"The need is there and it is real, but unfortunately we are selling the product in its raw state, and what is happening now, like in 2002 and 2009, is a lesson for us. Those who have money should invest it in the factories so that we start processing. When you sell only the walnut, you have a quarter of what you could earn by selling the almond that offers four-fold increase in employability and earnings," explained Mr. Kpeziwezou.
For him, the solution to depend less on the price fluctuations imposed by India and Vietnam lies in the transformation. He gives the example of Ivory Coast as the second largest producer in the world and the first in Africa, which plans to transform half of its cashew nuts in 2020 and reach 100% in 2030 as Brazil.
Returning to the farm gate price that has plummeted in Ivory Coast and accumulated stocks by Asian buyers, Mr. Kpeziwezou relativized.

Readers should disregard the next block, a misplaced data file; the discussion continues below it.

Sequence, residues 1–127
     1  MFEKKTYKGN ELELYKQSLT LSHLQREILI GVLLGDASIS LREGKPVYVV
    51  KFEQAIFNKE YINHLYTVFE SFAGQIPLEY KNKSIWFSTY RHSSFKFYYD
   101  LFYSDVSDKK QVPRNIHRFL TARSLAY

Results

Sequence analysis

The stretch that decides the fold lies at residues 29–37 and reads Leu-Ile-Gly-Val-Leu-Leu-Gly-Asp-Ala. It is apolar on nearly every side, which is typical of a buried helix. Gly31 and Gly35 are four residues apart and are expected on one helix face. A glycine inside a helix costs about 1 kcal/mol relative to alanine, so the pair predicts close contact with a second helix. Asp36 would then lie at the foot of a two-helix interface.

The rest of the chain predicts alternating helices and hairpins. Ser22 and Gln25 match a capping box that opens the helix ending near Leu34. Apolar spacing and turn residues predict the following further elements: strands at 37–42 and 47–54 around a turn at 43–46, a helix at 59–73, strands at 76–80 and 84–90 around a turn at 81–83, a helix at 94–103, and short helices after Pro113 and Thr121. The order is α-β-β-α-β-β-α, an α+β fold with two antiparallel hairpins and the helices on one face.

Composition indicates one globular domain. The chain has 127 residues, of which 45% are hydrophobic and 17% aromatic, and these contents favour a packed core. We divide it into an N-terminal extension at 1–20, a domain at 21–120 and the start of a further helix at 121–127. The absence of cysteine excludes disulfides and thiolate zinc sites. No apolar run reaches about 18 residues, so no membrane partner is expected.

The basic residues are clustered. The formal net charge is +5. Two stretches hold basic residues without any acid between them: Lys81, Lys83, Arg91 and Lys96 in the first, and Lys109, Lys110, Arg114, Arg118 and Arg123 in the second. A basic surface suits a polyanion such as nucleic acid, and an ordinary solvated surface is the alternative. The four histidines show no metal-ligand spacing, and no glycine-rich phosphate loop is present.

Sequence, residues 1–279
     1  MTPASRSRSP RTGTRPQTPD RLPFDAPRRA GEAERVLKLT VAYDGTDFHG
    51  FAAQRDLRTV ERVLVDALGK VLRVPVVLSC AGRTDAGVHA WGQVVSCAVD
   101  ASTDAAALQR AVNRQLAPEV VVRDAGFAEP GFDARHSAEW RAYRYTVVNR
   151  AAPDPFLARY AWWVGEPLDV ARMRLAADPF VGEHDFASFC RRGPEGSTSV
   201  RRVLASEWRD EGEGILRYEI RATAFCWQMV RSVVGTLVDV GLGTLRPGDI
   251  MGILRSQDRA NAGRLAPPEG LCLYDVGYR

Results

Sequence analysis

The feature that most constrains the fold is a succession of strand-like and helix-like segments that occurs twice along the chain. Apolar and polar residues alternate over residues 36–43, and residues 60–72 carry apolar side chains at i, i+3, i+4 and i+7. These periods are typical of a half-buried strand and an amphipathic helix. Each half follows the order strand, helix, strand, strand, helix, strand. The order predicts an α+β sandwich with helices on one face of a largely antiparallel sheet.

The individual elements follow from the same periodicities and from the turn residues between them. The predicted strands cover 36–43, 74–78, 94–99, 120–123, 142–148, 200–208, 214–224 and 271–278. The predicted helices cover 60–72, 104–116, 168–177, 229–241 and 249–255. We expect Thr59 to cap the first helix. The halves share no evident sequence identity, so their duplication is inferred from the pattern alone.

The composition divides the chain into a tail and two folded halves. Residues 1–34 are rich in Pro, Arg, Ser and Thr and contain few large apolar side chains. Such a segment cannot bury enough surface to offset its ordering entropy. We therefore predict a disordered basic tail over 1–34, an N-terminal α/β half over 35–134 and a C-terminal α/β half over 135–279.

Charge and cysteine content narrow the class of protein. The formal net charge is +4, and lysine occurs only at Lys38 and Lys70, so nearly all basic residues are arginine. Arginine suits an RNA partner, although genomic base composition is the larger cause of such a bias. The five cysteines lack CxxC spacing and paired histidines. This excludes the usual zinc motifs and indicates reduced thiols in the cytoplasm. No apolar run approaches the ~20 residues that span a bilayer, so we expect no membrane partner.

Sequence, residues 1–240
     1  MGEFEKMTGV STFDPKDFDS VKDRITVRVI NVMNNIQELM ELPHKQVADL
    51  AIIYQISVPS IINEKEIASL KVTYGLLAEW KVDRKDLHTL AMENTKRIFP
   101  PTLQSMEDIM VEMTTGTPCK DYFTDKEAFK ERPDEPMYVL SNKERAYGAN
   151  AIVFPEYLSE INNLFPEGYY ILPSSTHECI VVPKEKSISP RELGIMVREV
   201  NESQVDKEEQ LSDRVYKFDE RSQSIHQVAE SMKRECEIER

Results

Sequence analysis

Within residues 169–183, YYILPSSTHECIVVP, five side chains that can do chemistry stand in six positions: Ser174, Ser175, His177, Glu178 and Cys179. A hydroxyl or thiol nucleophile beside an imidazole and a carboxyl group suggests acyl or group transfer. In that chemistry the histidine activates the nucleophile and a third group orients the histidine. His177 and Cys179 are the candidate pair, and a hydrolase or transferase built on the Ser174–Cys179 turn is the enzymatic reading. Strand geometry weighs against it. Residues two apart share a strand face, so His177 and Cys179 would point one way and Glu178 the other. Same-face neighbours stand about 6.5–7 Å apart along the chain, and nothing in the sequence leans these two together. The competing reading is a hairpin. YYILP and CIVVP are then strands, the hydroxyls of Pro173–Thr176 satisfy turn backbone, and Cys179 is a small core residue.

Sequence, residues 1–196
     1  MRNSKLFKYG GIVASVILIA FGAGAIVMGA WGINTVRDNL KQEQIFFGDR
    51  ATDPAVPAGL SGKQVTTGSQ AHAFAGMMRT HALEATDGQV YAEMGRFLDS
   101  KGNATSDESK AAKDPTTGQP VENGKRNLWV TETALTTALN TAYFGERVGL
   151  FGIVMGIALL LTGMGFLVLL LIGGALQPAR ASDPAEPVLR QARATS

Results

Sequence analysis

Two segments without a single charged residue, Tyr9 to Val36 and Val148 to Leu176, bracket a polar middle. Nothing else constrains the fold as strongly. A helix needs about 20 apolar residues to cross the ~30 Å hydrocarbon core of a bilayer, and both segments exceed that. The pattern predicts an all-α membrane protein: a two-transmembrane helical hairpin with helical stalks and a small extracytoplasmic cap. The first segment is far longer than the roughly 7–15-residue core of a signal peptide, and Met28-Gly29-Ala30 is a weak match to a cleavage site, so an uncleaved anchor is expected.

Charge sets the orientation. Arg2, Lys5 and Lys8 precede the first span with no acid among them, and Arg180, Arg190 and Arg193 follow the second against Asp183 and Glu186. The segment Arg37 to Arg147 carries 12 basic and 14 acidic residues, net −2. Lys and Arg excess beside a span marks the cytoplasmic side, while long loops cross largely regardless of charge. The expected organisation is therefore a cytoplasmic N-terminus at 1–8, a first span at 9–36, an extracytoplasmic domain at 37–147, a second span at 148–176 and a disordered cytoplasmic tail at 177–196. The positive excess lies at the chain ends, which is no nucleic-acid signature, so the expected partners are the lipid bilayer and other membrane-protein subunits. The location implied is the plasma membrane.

"Due to the climate West Africa region has not had good quality this year, and the northern tropics warmed this year such a way that cashew did not work well. Tanzania who has a better quality puts its stock of last year and this year on the market. That is what made the buyers played a little on the price. So it is commercial," he demonstrates to agridigitale.
Coming back Togo, he noted that a serious problem of quality arises in the sector.
"Producers are picking cashew nuts instead of waiting for them to fall by themselves before picking them. That is one of the reasons why the quality of the Togo is not what is wanted on the international market. So, there is a work to be done at the producer level," he suggested.